14 AUGUST 1964, Page 11

SIR, — Catholics can only wish the Church of England well and

hope that, established or disestablished, she will continue to play her formidable part in the preservation of Christian truths and values.

However, little service is done to her cause by claiming, as the Bishop of Southwark does, that she has maintained an unbroken tradition of Word and Sacrament for 1400 years. Prior to the Reformation the Church in England acknowledged itself pad of that Church which recognises the Pope as successor to St. Peter and the centre and authority of Christian unity. The doctrines held in England were identical to the rest of Catholic Europe and included such beliefs as transubstantiation, confession and indul- gences. The people were noted for their devotion to Our Lady and it was from Oxford that the feast of the Immaculate Conception spread through Europe. The central act of worship was the Sacrifice of the Mass, celebrated in every church and cathedral.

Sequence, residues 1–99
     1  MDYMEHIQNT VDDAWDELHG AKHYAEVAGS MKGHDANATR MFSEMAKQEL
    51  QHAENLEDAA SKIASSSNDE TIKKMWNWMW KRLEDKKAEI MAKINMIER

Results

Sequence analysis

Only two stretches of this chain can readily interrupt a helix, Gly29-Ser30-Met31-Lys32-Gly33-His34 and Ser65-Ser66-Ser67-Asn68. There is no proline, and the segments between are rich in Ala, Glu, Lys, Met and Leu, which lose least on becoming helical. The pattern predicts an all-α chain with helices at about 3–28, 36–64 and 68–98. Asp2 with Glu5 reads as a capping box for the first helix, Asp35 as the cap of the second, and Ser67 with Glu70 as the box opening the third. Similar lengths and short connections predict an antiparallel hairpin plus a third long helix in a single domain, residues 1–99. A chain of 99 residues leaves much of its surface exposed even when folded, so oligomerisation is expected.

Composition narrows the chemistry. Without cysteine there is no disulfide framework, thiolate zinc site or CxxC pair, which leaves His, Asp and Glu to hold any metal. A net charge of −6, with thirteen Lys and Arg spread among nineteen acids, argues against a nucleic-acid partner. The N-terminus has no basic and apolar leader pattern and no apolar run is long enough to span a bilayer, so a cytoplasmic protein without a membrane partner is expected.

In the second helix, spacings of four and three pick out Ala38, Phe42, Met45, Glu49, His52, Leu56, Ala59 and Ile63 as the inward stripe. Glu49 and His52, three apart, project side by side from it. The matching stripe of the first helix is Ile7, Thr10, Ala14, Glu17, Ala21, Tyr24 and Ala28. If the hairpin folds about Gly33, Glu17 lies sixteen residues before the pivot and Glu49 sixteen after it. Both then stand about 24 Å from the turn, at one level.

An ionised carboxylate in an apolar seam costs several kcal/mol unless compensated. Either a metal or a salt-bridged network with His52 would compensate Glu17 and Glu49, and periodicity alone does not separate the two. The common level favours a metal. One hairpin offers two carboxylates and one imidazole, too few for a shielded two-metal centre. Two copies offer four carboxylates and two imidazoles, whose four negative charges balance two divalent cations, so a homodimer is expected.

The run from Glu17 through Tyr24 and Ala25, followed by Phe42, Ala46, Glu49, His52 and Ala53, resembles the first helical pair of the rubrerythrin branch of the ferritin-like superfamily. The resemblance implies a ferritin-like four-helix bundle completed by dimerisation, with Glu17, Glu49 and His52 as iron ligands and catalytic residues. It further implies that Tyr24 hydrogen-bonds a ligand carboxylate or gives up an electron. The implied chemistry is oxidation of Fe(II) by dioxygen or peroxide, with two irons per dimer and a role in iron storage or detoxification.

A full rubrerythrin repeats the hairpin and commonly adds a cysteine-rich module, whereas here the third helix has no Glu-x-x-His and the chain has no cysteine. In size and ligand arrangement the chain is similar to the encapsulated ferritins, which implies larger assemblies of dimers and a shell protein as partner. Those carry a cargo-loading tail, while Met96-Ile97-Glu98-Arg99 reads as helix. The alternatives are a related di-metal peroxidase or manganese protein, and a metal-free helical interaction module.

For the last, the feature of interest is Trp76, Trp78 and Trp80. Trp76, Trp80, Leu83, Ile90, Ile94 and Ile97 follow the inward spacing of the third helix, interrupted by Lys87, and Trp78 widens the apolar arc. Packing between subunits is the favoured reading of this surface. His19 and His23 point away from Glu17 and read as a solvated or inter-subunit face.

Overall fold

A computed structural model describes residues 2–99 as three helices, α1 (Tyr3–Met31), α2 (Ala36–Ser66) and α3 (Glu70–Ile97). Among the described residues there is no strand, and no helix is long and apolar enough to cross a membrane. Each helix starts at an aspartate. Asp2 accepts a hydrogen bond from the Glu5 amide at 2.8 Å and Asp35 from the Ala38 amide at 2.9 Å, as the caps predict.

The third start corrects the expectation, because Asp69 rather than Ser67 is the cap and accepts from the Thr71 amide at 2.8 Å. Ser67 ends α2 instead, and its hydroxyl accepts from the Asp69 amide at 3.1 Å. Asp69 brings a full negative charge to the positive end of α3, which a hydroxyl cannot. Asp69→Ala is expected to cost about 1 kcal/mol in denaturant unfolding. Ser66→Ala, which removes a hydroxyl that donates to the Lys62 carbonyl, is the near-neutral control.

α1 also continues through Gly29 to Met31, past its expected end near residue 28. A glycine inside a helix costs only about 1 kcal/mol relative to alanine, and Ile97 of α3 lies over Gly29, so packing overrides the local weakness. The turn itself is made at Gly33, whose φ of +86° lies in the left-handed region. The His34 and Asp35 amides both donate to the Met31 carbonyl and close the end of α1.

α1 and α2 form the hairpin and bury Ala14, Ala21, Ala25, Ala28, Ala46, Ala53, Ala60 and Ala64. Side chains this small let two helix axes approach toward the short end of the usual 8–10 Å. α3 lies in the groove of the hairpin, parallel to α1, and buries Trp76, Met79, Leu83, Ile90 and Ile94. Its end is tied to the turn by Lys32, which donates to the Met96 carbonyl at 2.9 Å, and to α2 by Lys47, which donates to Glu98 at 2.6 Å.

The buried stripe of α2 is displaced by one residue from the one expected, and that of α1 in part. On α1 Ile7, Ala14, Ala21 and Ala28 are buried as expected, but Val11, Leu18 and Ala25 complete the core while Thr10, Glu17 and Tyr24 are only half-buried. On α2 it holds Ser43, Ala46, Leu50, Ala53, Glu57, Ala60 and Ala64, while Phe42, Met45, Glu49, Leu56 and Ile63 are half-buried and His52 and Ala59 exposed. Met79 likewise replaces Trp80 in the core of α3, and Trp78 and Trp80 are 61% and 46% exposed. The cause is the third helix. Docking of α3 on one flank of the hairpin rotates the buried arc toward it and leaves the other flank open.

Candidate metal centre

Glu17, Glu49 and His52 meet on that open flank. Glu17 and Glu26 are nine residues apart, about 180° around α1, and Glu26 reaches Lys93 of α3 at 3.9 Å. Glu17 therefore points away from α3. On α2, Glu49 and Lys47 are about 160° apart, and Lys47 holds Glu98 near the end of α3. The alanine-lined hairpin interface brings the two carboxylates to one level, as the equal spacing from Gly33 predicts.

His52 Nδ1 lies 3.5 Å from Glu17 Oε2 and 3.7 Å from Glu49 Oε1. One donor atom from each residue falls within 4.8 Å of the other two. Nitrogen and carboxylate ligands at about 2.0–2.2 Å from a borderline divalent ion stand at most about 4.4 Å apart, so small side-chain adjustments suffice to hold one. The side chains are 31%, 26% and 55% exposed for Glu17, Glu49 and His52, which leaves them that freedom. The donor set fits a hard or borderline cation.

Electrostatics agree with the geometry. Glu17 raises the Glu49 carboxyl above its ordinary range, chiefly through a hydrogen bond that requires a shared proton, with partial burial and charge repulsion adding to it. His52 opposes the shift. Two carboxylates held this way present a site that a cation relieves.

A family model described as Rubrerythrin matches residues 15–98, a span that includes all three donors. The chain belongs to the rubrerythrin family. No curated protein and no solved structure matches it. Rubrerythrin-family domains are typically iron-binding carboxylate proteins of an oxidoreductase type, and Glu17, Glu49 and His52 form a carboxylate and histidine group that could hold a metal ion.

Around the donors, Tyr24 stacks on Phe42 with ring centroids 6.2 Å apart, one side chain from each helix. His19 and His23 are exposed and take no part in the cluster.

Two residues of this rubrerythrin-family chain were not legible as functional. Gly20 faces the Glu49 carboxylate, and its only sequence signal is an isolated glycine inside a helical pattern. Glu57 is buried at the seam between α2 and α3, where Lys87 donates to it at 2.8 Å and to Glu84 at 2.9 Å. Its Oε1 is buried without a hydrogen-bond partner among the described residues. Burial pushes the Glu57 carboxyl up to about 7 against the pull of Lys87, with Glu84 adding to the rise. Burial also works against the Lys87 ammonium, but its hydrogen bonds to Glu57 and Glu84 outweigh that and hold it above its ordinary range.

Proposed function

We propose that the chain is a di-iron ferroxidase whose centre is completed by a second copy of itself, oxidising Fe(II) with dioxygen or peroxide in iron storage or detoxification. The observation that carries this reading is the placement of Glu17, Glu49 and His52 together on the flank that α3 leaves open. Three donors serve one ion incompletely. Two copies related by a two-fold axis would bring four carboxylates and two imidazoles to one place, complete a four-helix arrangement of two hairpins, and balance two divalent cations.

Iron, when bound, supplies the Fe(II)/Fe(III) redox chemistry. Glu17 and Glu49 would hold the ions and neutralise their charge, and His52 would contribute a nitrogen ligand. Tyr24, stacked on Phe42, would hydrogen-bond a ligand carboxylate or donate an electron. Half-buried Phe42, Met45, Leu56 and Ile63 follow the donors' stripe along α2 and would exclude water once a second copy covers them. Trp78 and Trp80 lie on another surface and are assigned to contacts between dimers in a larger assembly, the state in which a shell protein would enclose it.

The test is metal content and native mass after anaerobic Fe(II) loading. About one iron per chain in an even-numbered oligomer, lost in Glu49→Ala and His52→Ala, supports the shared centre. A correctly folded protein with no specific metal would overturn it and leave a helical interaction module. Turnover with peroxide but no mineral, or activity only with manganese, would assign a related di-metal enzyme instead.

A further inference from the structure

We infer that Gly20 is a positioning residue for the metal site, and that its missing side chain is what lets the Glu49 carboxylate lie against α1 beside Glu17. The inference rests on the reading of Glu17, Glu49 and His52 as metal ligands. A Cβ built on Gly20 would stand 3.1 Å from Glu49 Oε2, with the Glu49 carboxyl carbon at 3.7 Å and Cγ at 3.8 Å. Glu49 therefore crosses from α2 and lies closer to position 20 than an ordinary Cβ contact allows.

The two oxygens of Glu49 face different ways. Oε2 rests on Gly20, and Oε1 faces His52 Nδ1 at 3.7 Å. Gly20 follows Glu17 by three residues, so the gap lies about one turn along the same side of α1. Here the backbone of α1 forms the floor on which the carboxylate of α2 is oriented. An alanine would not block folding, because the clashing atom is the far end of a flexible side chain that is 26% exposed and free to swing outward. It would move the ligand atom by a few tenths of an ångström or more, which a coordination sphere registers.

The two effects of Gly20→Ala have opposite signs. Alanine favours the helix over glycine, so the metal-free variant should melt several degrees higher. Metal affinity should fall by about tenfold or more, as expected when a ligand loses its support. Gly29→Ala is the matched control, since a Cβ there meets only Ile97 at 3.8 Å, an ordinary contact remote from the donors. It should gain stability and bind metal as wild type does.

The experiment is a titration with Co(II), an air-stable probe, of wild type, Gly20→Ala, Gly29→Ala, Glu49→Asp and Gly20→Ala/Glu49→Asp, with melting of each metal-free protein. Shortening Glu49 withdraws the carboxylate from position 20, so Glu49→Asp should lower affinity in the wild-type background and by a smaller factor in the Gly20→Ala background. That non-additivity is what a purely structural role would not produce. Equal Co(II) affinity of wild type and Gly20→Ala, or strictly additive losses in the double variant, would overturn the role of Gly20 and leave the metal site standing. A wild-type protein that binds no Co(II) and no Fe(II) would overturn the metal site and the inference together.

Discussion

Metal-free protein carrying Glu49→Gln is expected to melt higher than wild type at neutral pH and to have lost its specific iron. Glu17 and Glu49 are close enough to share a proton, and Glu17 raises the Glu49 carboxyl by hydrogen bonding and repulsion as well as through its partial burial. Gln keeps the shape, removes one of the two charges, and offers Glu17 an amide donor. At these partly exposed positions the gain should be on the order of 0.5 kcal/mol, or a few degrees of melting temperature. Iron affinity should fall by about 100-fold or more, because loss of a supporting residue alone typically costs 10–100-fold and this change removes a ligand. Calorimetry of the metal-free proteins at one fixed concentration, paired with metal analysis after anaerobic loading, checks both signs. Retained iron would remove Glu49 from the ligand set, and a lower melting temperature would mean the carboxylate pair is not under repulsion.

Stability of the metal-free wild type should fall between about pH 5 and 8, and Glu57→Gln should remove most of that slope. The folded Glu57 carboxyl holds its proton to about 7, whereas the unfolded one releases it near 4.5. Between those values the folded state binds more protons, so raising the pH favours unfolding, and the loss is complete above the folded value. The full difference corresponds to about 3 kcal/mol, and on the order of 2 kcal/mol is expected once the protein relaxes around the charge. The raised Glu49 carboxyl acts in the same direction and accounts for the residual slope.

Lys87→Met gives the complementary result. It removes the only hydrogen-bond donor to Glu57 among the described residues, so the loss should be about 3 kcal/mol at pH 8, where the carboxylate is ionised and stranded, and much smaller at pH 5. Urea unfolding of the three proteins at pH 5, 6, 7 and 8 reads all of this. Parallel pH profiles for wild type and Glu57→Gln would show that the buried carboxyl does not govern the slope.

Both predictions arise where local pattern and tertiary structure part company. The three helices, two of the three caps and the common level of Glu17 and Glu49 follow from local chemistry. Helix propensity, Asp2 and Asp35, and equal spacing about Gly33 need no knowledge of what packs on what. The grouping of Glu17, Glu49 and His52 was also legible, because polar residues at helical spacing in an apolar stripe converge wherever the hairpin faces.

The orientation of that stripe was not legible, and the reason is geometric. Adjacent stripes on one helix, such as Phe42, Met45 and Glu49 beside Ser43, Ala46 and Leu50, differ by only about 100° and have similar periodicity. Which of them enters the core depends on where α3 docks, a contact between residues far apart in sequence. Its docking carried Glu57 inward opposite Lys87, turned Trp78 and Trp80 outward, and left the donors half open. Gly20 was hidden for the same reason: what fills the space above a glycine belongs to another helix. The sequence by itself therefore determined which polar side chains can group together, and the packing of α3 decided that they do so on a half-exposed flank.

At the Reformation a break was made with the Roman Church and a new society was formed under the spiritual authority of the secular ruler. To ack- nowledge papal-authority became an offence punish- able by death. To accept many of the doctrines held previously by all was to be condemned. The Mass became a 'blasphemy' and to be a priest was to be a traitor under the shadow of Tyburn. Indeed, to practice the religion held by Englishmen from the

King down to the lowest peasant for nearly a thou- sand years was to live under legal disabilities not lifted until the nineteenth century.

It may well be that the Church of England now regrets the pressures brought to bear, just as the Roman Church regrets the abuses that were, in part, responsible for the Reformation. But to say that no break in tradition occurred is surely carrying ecu- menical optimism too far.


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